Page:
St. John the Evangelist (Feast: December 27)
John was one of the twelve apostles of Jesus, the son of Zebedee and Salome, and the brother of James the Greater. In the Gospels, the brothers are often called “the sons of Zebedee”. Our Lord also called them “Boanerges” or “Sons of Thunder” (Mark 3:17). The fact that John is usually mentioned after James seems to indicate that he was younger than his brother.
Originally, John fished with his father and brother in the lake of Genezareth. He was probably among the disciples of John the Baptist, when the Lord attached him to His apostolic college.
John is mentioned numerous times in the Scriptures, in Acts 1:13 as second after Peter. He seems to hold a prominent position among the apostles. Peter, James and he were the only witnesses to the raising of Jairus’ daughter (Mark 5:37), of the Transfiguration (Matt.17:1), and of the Agony in the Garden (Matt.26:37).
At the Last Supper, he was the one that leaned his head on the Lord’s chest. According to pious tradition and private revelation, he was the first recipient of the devotion to Our Lord’s Most Sacred Heart.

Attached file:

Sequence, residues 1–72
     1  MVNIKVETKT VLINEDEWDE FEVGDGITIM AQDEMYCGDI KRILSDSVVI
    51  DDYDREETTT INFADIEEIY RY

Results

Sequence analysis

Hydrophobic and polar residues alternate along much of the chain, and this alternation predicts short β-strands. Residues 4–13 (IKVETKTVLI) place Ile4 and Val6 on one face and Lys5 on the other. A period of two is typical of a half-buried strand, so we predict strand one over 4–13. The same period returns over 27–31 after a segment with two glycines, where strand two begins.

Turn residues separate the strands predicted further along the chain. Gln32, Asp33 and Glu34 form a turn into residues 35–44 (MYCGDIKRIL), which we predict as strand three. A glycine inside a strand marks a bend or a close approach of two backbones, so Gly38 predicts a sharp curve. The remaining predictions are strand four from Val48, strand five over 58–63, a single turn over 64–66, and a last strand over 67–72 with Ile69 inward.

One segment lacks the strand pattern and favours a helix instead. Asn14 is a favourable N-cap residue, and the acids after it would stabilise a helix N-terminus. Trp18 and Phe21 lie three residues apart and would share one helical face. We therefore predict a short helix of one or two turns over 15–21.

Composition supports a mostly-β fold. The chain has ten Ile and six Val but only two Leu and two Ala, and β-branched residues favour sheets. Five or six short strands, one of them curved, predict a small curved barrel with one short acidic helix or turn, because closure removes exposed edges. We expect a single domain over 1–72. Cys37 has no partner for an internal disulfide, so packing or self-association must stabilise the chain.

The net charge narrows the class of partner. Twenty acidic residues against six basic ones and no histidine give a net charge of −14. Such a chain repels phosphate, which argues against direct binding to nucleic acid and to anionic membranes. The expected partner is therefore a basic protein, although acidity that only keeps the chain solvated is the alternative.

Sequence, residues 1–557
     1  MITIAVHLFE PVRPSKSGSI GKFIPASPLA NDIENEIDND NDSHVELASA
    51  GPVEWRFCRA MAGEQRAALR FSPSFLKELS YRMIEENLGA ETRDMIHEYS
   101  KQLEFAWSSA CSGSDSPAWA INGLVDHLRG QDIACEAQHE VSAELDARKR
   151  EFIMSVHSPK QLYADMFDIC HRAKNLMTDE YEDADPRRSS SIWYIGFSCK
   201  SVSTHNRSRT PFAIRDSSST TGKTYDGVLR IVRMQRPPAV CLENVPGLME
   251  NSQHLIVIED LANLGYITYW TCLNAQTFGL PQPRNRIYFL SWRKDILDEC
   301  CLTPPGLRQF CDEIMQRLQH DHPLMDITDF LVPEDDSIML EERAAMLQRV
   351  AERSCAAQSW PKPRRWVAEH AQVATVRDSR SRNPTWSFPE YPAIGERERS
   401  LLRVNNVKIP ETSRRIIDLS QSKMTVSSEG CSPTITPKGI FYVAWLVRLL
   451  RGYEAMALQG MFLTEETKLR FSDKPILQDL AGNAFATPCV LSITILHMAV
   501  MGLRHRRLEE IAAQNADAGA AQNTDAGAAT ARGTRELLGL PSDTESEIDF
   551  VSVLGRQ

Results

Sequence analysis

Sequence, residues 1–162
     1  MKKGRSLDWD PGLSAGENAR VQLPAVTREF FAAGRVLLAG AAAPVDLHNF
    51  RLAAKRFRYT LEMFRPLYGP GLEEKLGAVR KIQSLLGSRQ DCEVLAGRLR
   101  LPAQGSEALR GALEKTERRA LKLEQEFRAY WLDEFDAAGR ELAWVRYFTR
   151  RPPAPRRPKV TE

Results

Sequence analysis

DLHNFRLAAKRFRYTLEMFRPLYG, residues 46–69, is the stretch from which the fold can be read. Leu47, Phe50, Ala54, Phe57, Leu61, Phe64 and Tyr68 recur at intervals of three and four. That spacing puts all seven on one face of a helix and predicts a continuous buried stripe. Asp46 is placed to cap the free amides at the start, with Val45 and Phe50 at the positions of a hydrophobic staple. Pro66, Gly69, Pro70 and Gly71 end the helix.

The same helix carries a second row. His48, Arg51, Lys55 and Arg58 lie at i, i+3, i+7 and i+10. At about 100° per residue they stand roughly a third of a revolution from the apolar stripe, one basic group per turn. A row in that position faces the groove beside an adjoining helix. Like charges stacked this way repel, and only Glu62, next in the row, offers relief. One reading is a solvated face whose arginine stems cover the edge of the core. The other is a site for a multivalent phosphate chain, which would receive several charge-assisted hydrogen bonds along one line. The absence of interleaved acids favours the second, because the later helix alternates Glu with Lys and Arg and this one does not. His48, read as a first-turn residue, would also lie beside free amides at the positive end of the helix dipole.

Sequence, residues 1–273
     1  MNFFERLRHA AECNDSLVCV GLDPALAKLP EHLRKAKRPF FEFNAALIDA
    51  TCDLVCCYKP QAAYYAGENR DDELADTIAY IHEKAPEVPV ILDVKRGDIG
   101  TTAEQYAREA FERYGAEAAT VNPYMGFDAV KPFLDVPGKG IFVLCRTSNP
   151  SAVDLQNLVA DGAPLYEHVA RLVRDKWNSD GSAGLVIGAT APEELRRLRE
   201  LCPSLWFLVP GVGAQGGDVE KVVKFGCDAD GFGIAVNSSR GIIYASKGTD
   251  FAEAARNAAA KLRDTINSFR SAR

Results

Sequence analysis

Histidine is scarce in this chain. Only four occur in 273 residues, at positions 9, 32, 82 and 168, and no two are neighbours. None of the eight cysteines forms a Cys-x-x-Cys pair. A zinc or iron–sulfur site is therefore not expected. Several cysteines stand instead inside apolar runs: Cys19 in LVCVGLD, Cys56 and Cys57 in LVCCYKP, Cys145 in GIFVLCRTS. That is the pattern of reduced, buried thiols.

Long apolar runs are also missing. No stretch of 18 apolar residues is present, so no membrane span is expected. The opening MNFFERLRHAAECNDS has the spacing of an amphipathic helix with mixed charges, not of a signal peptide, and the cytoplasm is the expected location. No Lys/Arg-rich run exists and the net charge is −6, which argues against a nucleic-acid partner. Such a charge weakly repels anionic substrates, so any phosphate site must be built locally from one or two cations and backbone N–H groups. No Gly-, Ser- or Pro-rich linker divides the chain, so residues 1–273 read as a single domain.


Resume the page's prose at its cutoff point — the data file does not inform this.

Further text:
Of all the apostles, John was the only one that was not married, and a virgin.
At the foot of the cross, he was the only one of the apostles standing with Mary Most Holy, and it was to him that the dying Savior entrusted His beloved Mother’s keeping and protection.
After the Lord’s death, John seems to have labored with the other apostles for several years in Palestine until the persecution of Herod Agrippa led to the scattering of the apostles throughout the Roman Empire. John went to Asia Minor, including to Ephesus, where a pious tradition holds that he took the Blessed Mother to live.
One of the four evangelists, St. John is the author of the fourth and last Gospel. He wrote the Apocalypse on the Island of Patmos and was the only apostle not to suffer martyrdom but to die of natural causes around the age of 100.
DAILY QUOTE for July 26, 2021
SAINT OF THE DAY
Sts. Joachim and Anne
In the Secret of the Rosary, St. Louis de Montfort relates that a Dominican, Father Jean Amat, was once giving a Lenten Mission in the Kingdom of Aragon, Spain, when a young girl, possessed by the devil was brought to him.